A collective of bibliophiles talking about books. Book Fox (vulpes libris): small bibliovorous mammal of overactive imagination and uncommonly large bookshop expenses. Habitat: anywhere the rustle of pages can be heard.
First of all Congratulations to Michelle Harrison for winning the Waterstone’s Children’s Book Prize with her debut novel The 13 Treasures. I was lucky enough to have been given a copy of the book before it was released (have I made it clear how much I love my job yet???) and I raced through it almost immediately. The beautiful cover (see a blog post about it here) drew me in straight away and I was hooked from the start.
Tanya can see fairies, she has the second sight. Her problem is that the fairies aren’t all sparkly and glittery and waving golden dust around willy nilly… they’re mean and nasty and actually a bit violent. At the start of the book Tanya has written in her diary all about seeing the fairies and despite having buried the diary in the garden, the fairies have found it, dug it up and they’re furious. Her punishment is to be suspended from the ceiling and when she pulls the light fitting and half the ceiling down, her mother reaches the end of her tether and packs her off to her grandmothers house. What a rollicking start!
The story takes off from there with vividly drawn characters like Mad Morag who lives in a caravan in the woods, Amos a crotchety old man who lives in her grandmother’s house and Red, a girl who appears with a strange baby. And for all us dog-loving foxes there’s Oberon, Tanya’s slightly overweight, troublesome Doberman. After Tanya sees a strange girl in the woods and finds a newspaper cutting detailing the disappearance of a local girl fifty years before, a mystery ensues. With Fabian, the gardeners son, Tanya begins to discover what happened all those years ago and how the case is still affecting her and those around her.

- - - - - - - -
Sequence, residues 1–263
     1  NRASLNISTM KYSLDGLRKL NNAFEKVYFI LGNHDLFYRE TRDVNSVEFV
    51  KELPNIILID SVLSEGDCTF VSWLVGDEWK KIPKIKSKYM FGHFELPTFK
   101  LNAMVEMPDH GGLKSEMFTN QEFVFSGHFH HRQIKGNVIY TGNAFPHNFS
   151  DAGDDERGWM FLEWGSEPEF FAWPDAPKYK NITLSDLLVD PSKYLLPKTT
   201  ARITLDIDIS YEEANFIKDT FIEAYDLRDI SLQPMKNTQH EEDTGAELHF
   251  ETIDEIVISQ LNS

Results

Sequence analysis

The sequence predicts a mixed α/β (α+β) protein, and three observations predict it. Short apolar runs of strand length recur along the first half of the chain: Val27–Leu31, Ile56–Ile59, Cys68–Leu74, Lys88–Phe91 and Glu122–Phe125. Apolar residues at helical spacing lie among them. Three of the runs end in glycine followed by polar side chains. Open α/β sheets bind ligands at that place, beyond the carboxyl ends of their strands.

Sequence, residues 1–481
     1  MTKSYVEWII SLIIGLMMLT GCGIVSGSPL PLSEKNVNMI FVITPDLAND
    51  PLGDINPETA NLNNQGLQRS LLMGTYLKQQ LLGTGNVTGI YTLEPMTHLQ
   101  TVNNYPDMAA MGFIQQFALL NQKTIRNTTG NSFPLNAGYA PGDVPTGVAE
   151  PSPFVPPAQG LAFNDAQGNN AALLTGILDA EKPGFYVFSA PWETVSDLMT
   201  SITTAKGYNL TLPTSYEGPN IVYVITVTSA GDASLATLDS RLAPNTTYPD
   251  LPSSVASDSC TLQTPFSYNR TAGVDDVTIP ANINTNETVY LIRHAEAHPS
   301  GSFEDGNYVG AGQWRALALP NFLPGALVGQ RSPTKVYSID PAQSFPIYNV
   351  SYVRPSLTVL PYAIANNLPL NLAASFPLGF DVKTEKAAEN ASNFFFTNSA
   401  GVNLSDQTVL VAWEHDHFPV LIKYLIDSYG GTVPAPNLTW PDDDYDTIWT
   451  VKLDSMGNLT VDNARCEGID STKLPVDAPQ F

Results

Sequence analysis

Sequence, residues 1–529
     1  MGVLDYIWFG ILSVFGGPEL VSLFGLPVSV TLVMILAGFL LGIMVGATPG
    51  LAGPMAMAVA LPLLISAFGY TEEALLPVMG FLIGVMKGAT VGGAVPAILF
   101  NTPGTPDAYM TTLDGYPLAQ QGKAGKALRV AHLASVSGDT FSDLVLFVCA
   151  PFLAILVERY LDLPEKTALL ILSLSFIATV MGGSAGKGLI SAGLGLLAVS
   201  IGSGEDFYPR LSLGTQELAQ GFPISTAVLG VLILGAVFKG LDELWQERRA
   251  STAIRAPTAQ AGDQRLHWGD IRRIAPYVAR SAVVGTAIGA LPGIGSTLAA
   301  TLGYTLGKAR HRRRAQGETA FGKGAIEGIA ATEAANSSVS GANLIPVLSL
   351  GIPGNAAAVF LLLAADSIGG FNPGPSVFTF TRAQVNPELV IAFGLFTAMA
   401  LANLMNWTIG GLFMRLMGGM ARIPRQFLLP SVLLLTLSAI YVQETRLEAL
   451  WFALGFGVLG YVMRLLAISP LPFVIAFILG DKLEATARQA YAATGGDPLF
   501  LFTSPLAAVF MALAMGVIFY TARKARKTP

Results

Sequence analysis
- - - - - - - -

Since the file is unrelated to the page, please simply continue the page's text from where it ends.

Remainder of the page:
There is just so much jam packed into this novel that it would take me a novel length review to tell you about them… it’s a busy book. There are so many things to love here – the strange and wonderful fairy creatures, which are based more on the gothic idea of gargoyles than Peaseblossom, the fabulous old Manor house where Tanya’s grandmother lives with it’s hidden doors and passageways, and the twists and turns of a very intriguing story.
I am delighted to say that there are a few strands left open at the end and it seems they’ll be picked up in a planned sequel – yay! I shall be hoping to get my hands on an early copy of that.